Tag Archives: Richard Vance

Rapping With Spirits

Charles Foster; Richard Vance

Charles Foster; Richard Vance

During his long military career, Warren County, Kentucky native Richard Vance (1833-1902) indulged many extracurricular interests – French, ornithology, botany, literature, politics, religion, travel, and women.  He also cast a curious, if doubtful, eye on spiritualism.

In March 1873, while stationed in New Orleans, Vance paid a visit to the “celebrated Spiritualist, Mr. Charles Foster,” who was offering seances featuring “rappings” and other manifestations said to emanate from the realm of the dead.  Ushered into Foster’s room at the St. Charles Hotel, Vance found an amiable, somewhat heavy-set man of about thirty-five.  Foster listened politely while Vance made clear that he believed neither in life after death nor in the power to summon those who had passed to the other side.

At Foster’s request, however, Vance wrote down on slips of paper the names of acquaintances who had died.  Holding one of the slips, Foster then asked if the spirit of the person named thereon would communicate with Vance, and received in reply a “series of loud raps,” first from the table, floor and walls, then from “all parts of the house.”  To Vance’s astonishment, Foster then proceeded to relate details about three deceased individuals from his past—a servant, Tony, killed by a gunshot; Rachel, an elderly female servant of his grandmother’s; and an old friend, Gus Montague.

At a loss to explain Foster’s revelations, Vance insisted to himself that this spiritualist must have had the power to read his thoughts.  Writing of the encounter in his diary, he reviewed his religious evolution—from “firm believer” to skeptic to a refusenik on the subject of immortality.  That “was where I was this morning,” he admitted, but where “I will drift after what I have seen to day remains to be seen.”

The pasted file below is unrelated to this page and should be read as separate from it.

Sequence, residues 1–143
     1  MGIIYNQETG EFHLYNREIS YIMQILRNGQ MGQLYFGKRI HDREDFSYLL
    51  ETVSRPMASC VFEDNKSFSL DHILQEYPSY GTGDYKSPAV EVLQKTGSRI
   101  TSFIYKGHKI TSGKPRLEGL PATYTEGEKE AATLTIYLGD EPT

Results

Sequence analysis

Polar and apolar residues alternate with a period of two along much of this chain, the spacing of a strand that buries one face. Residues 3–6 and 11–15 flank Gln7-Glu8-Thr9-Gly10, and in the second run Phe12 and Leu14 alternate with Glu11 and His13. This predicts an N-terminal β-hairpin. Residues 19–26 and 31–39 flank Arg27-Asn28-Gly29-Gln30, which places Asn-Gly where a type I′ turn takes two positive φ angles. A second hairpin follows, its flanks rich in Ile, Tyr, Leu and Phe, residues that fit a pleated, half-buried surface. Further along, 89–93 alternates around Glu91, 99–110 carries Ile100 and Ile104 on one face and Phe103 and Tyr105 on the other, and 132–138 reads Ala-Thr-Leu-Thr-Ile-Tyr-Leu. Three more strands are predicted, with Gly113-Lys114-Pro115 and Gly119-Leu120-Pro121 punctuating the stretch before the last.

Richard Vance’s diary recording his spiritual experience is part of the Manuscripts & Folklife Archives collections of WKU’s Department of Library Special Collections .  Click here for a finding aid.  During this Halloween month, search TopSCHOLAR and KenCat for other collections relating to spiritualism, ghosts and views about death.

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The Falling Leaves

Leaves from the Antietam Battlefield

Leaves from the Antietam Battlefield

I now promise to be less attentive to my military duties, which will enable me to pursue my other schemes more successfully.  This is the first feature of my new ‘leaf.’  So wrote Captain Richard Vance in his diary on January 1, 1887.  An Army career of more than 20 years had taken him to postings in the South, the western frontier, and now Texas, but Vance, who had never been particularly fond of the military, was yearning to retire.

By his own account, Vance resembled the stereotypical soldier:  a devoted hunter and scrapper (he was once acquitted of murder), he chided himself over his chronic weakness for women (more about that at a later date).  But he was also widely read and self-taught, and his resolution for 1887 was to focus on the things that truly interested him and that he believed he could master.  “For the present,” he wrote, “I shall confine myself to French, German, Botany & Ornithology.”

Sample from Richard Vance's Ringgold, Texas herbarium

Sample from Richard Vance’s Ringgold, Texas herbarium

While stationed in Texas at Fort Clark, Vance had begun work on an herbarium, but now, garrisoned at Ringgold, he began collecting, analyzing and preserving samples of local flora.  Though he made no claims to being an amateur, let alone professional botanist, Vance carefully researched, organized and classified his finds.  The result was a thick volume of specimens “collected and arranged entirely for my own amusement,” which enabled him to “pass a very pleasant summer at this place.”  While traveling, Vance also preserved leaves from the Antietam battlefield in Maryland and horse nettle from Warren County, Kentucky, where he was born.

Richard Vance’s herbaria are part of the Manuscripts & Folklife Archives collections of WKU’s Department of Library Special Collections.  Click here for a collection finding aid.  For more relating to botany and botanists, search TopSCHOLAR and KenCat.

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